A research team at the Institute of Atomic and Molecular Sciences in Taiwan designed a graphene-based photo-transistor coated with chlorophyll that is much more sensitive to light than pure-graphene devices.
As already mentioned, graphene has remarkable optical and electronic properties, which make it particularly suited to produce such devices as photoelectric sensors and solar cells, more efficient than the available ones.
This is due to the ability of the innovative material to absorb photons in a broader frequency range and to “carry” electrons at high speed, except for one drawback – low sensitivity to light. To overcome this barrier, several research teams have tried to “match” graphene with a variety of materials to obtain more effective light absorption in the resulting devices. However, no one had considered chlorophyll so far.
Chlorophyll – a pigment contained in vegetal cells and capable to transform solar energy into chemical energy – is particularly efficient in absorbing light. For decades research labs have been trying to reproduce the unique properties of chlorophyll artificially, but always failed. Researchers then started to consider using the natural pigment in their studies, this being cheap, non-toxic, and available in high amounts.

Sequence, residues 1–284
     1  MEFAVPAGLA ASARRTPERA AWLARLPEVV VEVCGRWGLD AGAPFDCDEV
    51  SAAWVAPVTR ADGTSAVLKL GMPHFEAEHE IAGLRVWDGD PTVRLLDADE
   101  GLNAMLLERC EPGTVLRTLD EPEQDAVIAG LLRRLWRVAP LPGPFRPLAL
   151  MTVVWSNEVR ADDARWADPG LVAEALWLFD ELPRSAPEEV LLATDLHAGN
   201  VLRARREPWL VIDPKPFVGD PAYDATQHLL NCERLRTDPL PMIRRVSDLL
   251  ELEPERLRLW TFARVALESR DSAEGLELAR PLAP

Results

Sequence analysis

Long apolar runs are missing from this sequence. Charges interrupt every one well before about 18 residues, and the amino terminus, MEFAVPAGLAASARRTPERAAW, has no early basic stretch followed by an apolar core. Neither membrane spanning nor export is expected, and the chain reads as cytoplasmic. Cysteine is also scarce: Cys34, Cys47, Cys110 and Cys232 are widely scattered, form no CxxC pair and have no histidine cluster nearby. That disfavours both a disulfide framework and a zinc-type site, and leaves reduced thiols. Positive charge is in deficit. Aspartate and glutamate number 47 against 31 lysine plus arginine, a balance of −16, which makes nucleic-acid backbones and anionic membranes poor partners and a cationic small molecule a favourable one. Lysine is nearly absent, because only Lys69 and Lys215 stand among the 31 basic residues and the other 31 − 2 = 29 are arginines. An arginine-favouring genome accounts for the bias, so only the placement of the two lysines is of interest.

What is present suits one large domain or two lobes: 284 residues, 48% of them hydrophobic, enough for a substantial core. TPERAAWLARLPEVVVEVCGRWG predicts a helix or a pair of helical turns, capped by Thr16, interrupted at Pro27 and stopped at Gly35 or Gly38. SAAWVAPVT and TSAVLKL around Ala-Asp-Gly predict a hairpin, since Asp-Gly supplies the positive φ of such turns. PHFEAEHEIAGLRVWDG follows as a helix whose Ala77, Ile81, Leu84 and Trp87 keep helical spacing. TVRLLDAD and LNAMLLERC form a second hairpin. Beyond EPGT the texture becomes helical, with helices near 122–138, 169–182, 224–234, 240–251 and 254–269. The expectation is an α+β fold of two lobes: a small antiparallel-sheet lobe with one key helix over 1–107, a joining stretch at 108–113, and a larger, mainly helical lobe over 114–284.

According to this philosophy, Shao-Yu Chen and colleagues (click here to download the pdf describing their work) created a simple, yet efficient graphene-based device “supported” by chlorophyll.
The prototype was created by attaching two golden electrodes to the ends of a sheet of graphene. Graphene was then coated with a layer of chlorophyll using a technique known as "drop casting", which provides for pouring one drop of a solution containing chlorophyll onto the desired surface, then leaving it to dry. Thus a pure chlorophyll coat remains on the material.
The chlorophyll layer has a deep impact on the electronic features of devices. When voltage is applied to both golden electrodes, a limited power flow is generated. However, as soon as the chlorophyll is struck by light at a specific frequency, the current increases enormously, because light stimulates electron release from chlorophyll to graphene. Researchers claim that about one million electrons strengthen the current flow for each photon absorbed by chlorophyll.
This is a very interesting study, because it demonstrates how chlorophyll can be easily incorporated into a bio-inspired photo-transistor. However, the device is still “rough” and needs further improvements and optimizations before it can be used for real-life applications.
The Editorial Staff
Published on Thursday, July 4, 2013